The Republic Airport Commission held a meeting last week in the conference room at the airport. While not a public information meeting, it was open to local residents and some came in to voice their opinions about the commission's way of handling various situations.
Most residents in attendance expressed the fear that nothing had been done as of yet regarding the public information meeting held in early August, where over 800 local residents came to voice opposition regarding the Commission's Draft Master Plan. At that meeting, residents were particularly worried about the airport's plans to expand runways and upgrade aircraft design category from II to III that would accommodate planes with wider wingspans.
They also stated that the noise level of some of the aircraft flying close to their homes is beginning to be unbearable, especially from the planes which fly by during night hours. Residents said that some noise coming from the airport is certainly expected and tolerable, but overly and unreasonably loud noise is unnecessary, and they asked the commission to find a solution.
Republic Airport Commission Director Hugh Jones read two letters to meeting attendees that the Commission's Chairman, Frank Nocerino, had written to airport executives stating citizens' complaints. One letter dealt with the noise during curfew hours around the neighborhood. The letter, addressed to the airport's regional administrator, asked about what could be done to prevent planes from flying at such late hours.
Republic Airport is located in East Farmingdale, and residents from the surrounding communities of Farmingdale and North Massapequa for years have complained about noise from planes flying over their homes to the facility. They have been represented at numerous commission meetings by the Joint Council of Civic Associations of the Massapequas.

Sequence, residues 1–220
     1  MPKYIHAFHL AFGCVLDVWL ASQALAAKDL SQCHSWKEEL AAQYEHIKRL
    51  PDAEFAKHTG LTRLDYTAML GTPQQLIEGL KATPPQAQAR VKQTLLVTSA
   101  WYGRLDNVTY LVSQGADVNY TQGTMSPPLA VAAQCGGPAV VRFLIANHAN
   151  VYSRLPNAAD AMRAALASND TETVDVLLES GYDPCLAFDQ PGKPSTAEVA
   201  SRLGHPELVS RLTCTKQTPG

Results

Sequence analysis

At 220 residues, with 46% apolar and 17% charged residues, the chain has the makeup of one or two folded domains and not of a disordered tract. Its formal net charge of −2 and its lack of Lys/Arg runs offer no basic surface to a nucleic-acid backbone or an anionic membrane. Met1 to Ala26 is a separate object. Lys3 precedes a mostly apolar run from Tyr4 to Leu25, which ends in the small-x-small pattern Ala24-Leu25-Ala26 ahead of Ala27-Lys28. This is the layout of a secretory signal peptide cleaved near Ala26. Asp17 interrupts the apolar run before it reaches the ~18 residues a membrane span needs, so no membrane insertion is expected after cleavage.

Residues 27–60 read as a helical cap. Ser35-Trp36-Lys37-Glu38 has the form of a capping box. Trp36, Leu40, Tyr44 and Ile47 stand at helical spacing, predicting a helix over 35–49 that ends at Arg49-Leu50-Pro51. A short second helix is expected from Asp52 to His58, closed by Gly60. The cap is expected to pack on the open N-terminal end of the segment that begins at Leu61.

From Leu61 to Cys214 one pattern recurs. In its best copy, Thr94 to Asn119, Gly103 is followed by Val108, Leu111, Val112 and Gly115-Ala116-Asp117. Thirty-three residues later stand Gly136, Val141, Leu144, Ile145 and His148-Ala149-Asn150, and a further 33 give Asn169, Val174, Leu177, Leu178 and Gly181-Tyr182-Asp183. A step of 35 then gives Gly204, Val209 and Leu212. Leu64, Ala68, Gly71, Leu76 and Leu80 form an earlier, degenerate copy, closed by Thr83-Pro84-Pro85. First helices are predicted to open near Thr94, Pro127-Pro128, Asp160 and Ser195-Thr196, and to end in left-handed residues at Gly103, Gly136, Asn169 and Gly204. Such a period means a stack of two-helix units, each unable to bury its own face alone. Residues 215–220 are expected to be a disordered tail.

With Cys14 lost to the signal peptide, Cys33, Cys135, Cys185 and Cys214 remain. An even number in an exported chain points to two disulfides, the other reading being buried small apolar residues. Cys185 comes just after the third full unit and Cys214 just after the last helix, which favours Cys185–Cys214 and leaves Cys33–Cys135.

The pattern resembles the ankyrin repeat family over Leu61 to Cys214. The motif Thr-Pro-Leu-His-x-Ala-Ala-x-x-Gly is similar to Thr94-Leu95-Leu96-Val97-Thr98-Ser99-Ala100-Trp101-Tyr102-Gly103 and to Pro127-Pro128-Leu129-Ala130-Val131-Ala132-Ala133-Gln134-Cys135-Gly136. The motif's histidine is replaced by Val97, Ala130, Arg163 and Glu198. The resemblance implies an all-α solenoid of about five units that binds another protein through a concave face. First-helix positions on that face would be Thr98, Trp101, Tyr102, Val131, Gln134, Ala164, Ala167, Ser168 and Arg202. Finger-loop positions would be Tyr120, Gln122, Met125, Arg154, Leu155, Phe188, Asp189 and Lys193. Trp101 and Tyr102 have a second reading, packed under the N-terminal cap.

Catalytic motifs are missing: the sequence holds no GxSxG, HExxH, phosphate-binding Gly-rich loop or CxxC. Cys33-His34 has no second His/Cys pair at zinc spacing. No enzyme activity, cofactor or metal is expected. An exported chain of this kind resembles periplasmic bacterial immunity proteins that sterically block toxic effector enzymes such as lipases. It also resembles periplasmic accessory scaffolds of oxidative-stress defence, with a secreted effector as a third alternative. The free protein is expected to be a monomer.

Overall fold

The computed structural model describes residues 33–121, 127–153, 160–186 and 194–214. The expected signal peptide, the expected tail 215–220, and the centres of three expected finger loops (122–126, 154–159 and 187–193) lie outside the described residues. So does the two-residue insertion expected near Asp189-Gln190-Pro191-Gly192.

The other letter Nocerino wrote to airport executives addressed the issue of the intolerable noise residents were calling in to complain about. Nocerino said in the letter that residents understand that some noise is to be expected but that certain flyers appear to be making excessive noise for unnecessary reasons, such as prolonged circling before landing.
According to Nocerino, both of these letters were written soon after the August public information meeting. He said that both issues were immediately addressed and he intends to follow through on them. The commission has heard no response to either letter from airport regional administrator as of yet.
Commission members handed out a report package showing both the airport's operations in the past five months and the amount of complaints that they had received. While the number of operations taking place at the airport are significantly lower than they were last year, complaints have gone up in recent months. They increased to nearly half as many as there were last year in both June and August of this year.
The majority of the complaints came from noise heard around the landing area of the airport. Commissioners stated that there were two incidents in both June and August where there was a networking problem and aviators ran into some complications when trying to land. In both incidents, the airport received more complaints than usual and members claimed that they attempted to solve the problem immediately. The commission blamed the large number of complaints on these two occasions, saying that such difficulties occur infrequently.